110 members of Congress urge Obama to sign federal-contractor executive order

Posted by Justin Snow
March 20, 2013 2:50 PM |

Calls for President Barack Obama to sign an executive order prohibiting federal contractors from LGBT discrimination continued today.

Obama WH letter.jpgIn a letter sent to Obama today, 110 Democratic members of the House of Representatives urged the president to sign the executive order long called for by advocates, which would ban federal contractors from discriminating on the basis of sexual orientation or gender identity. Such protections already prohibit federal contractors from discrimination on the basis of race, color, religion, sex and national origin.

Led by Reps. Frank Pallone (D-N.J.) and Jared Polis (D-Colo.), the letter sent today included an additional 38 members of Congress who did not sign their names to a similar letter sent last year. 

"It is unacceptable that it remains legal to fire or refuse to hire someone based on his or her sexual orientation or gender identity. Federal law continues to allow this and discrimination based on sexual orientation is legal in 29 states and discrimination because of gender identity is legal in 34 states," the letter reads. "Action at the federal level can put a stop to these unfair and discriminatory workplace practices in every state."

Although Obama publicly supports the Employment Non-Discrimination Act (ENDA), he has backed off of his support for an executive order after indicating as a candidate for president in 2008 that he would sign such an order. The White House has repeatedly said the president would prefer to see ENDA passed and all workers protected instead of adding proctecions only for those employed by federal contractors. Advocates, however, have argued the executive order would help build momentum for ENDA and protect at least some LGBT workers now.

While the signees state that they remain committed to passage of ENDA, which would ban LGBT workplace discrimination across the country, they argue that Obama could "take action today to help prevent these types of unfair labor practices and to lay the groundwork for passage of ENDA."

"Our laws must match our values as Americans, which is why it is so critical to provide equal protections to all workers," Polis, who is gay and the sponsor of ENDA in the House, said in a statement. 

Added Pallone, "An executive order by the President is a necessary step forward in our efforts for LGBT equality, one that must be accompanied by passage of the Employment Non-Discrimination (ENDA) by Congress."

The Williams Institute at the UCLA School of Law estimates such an executive order would protect up to 16.5 million workers. Although workplace protections for LGBT people exist in some states, it remains legal in 29 states to fire an employee based on sexual orientation, and legal in 34 states to fire someone based on gender identity.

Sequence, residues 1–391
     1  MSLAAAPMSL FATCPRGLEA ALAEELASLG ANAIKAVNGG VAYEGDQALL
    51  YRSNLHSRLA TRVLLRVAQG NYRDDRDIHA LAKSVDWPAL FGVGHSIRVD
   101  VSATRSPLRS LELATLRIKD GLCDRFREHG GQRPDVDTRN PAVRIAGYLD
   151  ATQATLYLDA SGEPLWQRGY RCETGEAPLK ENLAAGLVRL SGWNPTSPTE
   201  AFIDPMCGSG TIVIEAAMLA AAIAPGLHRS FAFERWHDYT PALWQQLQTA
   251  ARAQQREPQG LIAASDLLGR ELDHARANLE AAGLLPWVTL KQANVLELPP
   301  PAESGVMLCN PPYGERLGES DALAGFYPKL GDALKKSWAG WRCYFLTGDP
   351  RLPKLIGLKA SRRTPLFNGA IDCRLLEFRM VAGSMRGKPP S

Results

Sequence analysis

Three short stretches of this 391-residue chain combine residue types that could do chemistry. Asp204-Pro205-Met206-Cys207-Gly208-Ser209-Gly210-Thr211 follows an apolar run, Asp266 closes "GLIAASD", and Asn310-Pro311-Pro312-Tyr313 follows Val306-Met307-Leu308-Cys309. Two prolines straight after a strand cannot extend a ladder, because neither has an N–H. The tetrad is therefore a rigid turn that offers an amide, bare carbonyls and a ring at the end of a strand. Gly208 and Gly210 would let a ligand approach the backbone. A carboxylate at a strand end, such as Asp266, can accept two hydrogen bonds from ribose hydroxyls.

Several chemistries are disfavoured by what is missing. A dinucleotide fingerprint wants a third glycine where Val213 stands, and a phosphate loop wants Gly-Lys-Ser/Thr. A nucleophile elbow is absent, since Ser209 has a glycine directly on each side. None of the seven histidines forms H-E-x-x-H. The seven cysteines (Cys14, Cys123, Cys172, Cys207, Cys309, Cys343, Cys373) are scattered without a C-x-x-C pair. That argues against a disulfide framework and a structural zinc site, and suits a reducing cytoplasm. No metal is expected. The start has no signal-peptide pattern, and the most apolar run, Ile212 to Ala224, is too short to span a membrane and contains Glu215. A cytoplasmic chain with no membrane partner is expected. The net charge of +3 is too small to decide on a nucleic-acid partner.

Today's letter was one of several that have been sent to the president in recent weeks. Last month, 37 senators and 54 progressive groups sent letters to Obama urging him to act. 

The Human Rights Campaign, Freedom to Work and the American Civil Liberties Union have led efforts to pressure the president to act and praised the more than 100 representatives who lent their names to the fight for workplace protections. 

"An executive order from President Obama would ensure that hundreds of thousands of LGBT federal contract employees could go to work every day without fear of being fired for who they are or who they love," said HRC President Chad Griffin in a statement. 

According to Freedom to Work President Tico Almeida, "It's now time for President Obama to build on his impressive record and sign this executive order giving millions of Americans a fair shot to build a career based on their talent and hard work."

UPDATE @4:15PM: The names of House Democratic leadership, including Minority Leader Nancy Pelosi (Calif.) and Democratic Whip Steny Hoyer (Md.) were missing from the letter sent today. According to spokesman Drew Hammill, Pelosi generally does not sign group letters as custom. 

"President Obama has demonstrated time and time again that he is committed to ending discrimination wherever it exists," Hammill told Metro Weekly. "Leader Pelosi supports this effort, but it does not diminish the need for a fully-inclusive ENDA law and a Majority in the House to approve such legislation."

Rep. Debbie Wasserman-Schultz (D-Fl.), who has served as a vice chair of the LGBT Equality Caucus, also did not sign the letter.

In response to the letter, White House spokesman Shin Inouye reiterated today that the president has long supported an inclusive ENDA and his administration will continue to build support for it.

"Regarding a hypothetical Executive Order on LGBT non-discrimination for federal contractors, I have no updates for you on that issue," Inouye said.

[Photo: Barack Obama in the Oval Office (Official White House photo by Pete Souza)]

Read the full letter here:

House Letter to Obama on Executive Order for LGBT Contractor Employees

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